The ultimate guide to Singapore’s offshore islands and how to get there

Noble Horvath

© Provided by Lifestyle Asia Experts say leisure travel may not resume till mid-2021, but are you really willing to risk it? After all, the possibility of contracting the virus is still very real, and without a tested vaccine, it’s hard to put aside concerns of being hospitalised in a […]



an island in the middle of a body of water


© Provided by Lifestyle Asia


Experts say leisure travel may not resume till mid-2021, but are you really willing to risk it?

After all, the possibility of contracting the virus is still very real, and without a tested vaccine, it’s hard to put aside concerns of being hospitalised in a foreign land.

This is why we’re taking the time to explore Singapore, one island at a time. No, we’re not talking about Sentosa or the dreaded Pulau Tekong. These balmy islands make for a short day trip out of the city’s bustling crowds, and they are perfect for a quiet picnic by the beach, sans the people and the trash.

Who knows, you might even be able to learn something new about Singapore’s history and maritime animals too. 

Pulau Ubin



a group of people standing next to a body of water: (Image credit: @retrocraze77 via Instagram)


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(Image credit: @retrocraze77 via Instagram)

Home to one of Singapore’s last kampongs, Pulau Ubin is a great place for some Vitamin-D injected physical activity. Besides a casual stroll along the boardwalk, one of the best parts about Ubin is the Chek Jawa Wetlands, home to all sorts of interesting wildlife you won’t be able to find on Singapore’s main island. If you like something less strenuous, bikes are available for rental too.

How to get there: To get to Pulau Ubin, one must first make their way to Changi Point Jetty. The boat ride from the jetty to the island itself is about 10-minutes.

Lazarus Island



an island in the middle of a body of water: (Image credit: @eatandtravelwithus via Instagram)


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(Image credit: @eatandtravelwithus via Instagram)

East Coast Park getting too crowded for you? Lazy to book your spot on Sentosa’s beach? Your answer might just be a trip to Lazarus Island. The tranquil beach paradise is perfect for those looking to dip their toes in the sparkling waters, minus the people in the backdrop photobombing your picture. Make sure to pack enough food, drinks and tanning lotion for your little beach picnic because the island doesn’t come with convenience stores or marts to get your essentials from.

How to get there: Take the ferry from Marina South Pier to St John’s Island, then take the link bridge from the St John’s jetty to reach Lazarus Island.

St John’s Island



a train traveling down train tracks next to a palm tree: (Image credit: @yaomei1008 via Instagram)


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(Image credit: @yaomei1008 via Instagram)

It seems almost ironic that visitors would willingly come to St. John’s Island. The island was once a quarantine centre for infectious diseases and also prison island (think a mini-version of Alcatraz), a destination that not many would want to be at voluntarily.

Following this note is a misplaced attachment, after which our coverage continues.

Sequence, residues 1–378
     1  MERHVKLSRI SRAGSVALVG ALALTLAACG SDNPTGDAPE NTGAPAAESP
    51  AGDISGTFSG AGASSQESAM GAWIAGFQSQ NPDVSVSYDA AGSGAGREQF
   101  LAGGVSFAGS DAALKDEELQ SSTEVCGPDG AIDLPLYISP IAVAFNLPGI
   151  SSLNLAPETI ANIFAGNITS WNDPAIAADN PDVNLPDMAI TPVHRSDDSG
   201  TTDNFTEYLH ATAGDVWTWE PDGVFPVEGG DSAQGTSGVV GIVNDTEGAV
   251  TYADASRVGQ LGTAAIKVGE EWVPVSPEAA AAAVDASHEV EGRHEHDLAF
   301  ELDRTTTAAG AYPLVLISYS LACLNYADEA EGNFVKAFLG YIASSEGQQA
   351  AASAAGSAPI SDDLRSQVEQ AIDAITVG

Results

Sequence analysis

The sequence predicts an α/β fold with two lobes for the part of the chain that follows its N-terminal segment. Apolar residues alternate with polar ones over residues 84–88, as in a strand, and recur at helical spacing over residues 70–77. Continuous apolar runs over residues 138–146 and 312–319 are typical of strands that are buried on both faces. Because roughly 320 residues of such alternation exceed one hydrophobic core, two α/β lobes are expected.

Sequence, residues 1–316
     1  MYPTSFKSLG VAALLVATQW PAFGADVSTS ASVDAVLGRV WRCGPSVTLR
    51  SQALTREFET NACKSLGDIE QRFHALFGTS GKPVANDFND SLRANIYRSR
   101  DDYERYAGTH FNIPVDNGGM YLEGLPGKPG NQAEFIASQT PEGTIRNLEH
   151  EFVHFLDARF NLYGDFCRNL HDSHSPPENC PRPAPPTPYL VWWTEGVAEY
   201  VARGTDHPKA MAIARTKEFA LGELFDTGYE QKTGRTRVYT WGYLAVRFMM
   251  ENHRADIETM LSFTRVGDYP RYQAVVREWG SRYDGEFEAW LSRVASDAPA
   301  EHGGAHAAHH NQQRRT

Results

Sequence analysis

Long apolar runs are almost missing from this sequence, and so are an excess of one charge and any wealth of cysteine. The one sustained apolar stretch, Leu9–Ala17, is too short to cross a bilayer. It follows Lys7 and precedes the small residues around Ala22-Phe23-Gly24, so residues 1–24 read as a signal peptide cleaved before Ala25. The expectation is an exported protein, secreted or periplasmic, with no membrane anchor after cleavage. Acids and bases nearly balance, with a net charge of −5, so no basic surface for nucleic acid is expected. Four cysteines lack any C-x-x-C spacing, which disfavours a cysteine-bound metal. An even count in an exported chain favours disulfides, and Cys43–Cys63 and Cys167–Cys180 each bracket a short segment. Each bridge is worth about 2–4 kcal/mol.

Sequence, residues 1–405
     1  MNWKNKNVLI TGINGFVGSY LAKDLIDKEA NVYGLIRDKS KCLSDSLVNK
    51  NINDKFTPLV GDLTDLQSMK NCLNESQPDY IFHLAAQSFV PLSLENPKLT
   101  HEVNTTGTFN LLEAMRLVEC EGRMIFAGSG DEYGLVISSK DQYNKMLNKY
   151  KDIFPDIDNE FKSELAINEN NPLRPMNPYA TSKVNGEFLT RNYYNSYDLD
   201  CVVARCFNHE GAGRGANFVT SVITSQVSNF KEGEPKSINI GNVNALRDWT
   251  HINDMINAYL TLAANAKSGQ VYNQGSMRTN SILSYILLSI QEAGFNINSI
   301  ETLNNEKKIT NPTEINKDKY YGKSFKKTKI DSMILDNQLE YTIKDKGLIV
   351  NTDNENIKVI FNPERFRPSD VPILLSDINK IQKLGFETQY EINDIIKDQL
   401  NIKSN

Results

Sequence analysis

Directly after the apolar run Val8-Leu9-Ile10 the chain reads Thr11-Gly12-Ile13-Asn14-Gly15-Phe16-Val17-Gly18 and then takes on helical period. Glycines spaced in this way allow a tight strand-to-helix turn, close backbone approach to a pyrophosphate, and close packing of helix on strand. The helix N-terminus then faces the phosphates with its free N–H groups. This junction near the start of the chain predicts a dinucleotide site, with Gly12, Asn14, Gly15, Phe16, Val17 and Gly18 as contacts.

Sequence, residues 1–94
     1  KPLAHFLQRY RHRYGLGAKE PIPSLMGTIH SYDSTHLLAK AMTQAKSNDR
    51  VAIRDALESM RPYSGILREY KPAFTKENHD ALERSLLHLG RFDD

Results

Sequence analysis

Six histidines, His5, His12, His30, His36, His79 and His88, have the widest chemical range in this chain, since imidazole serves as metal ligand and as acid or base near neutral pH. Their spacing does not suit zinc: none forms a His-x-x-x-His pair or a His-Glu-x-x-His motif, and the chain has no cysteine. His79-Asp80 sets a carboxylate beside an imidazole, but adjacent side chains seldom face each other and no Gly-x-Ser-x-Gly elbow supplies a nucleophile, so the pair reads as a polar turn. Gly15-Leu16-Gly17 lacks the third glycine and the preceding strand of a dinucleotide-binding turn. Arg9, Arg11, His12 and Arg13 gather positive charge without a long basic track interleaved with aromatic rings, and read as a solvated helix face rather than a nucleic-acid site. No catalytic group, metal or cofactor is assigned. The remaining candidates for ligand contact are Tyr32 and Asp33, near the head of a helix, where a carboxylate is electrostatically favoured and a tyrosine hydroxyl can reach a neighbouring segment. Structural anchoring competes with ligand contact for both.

After its transformation in 1975, the island has turned into a popular stop amongst island hoppers for its sandy beaches, swimming lagoons and trekking routes. There used to be small group programmes by the St. John’s Island National Marine Laboratory to visit the locale, but it has temporarily ceased due to the pandemic.

How to get there: There is a 30-minute ferry from Marina South Pier to St John’s Island.

Kusu Island



a statue on a cloudy day: (Image credit: @moideen.shibin via Instagram)


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(Image credit: @moideen.shibin via Instagram)

One cannot escape tortoises when it comes to Kusu Island. Legend has it that a giant tortoise turned into an island to save the two shipwrecked sailors, who then returned to the island and gave thanks by building a Taoist Shrine and the shrines of three Malay saints. The island is also home to its very own tortoise sanctuary, housing hundreds of tortoises in its area.

Visitors can head to the Chinese Da Bo Gong Temple, dedicated to the Chinese God of Prosperity or take a 152-step hike to the top the island to pay respects to the three holy shrines of the Malay saints.

How to get there: Take the ferry to Kusu Island from Marina South Pier.

Sisters’ Island



a sunset over a body of water: (Image credit: @ana.lyn__ via Instagram)


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(Image credit: @ana.lyn__ via Instagram)

Big Sister’s Island, also known as Pulau Subar Laut, and Little Sister’s Island, Pulau Subar Darat, collectively make up the Sisters’ Islands. The tale? Two sisters drowned at sea while trying to save each other, and these two islands emerged in their absence.

Besides learning about the island’s folklore, visitors can explore the Sisters’ Island Marine Park, home to plenty of Singapore’s native marine biodiversity or just spend a languid afternoon by the sea basking in the sun.

How to get there: Sisters’ Island is a ferry ride away from Marina South Pier.

(Hero and featured image credit: Ryan Cheng on Unsplash)

The post The ultimate guide to Singapore’s offshore islands and how to get there appeared first on Lifestyle Asia Singapore.

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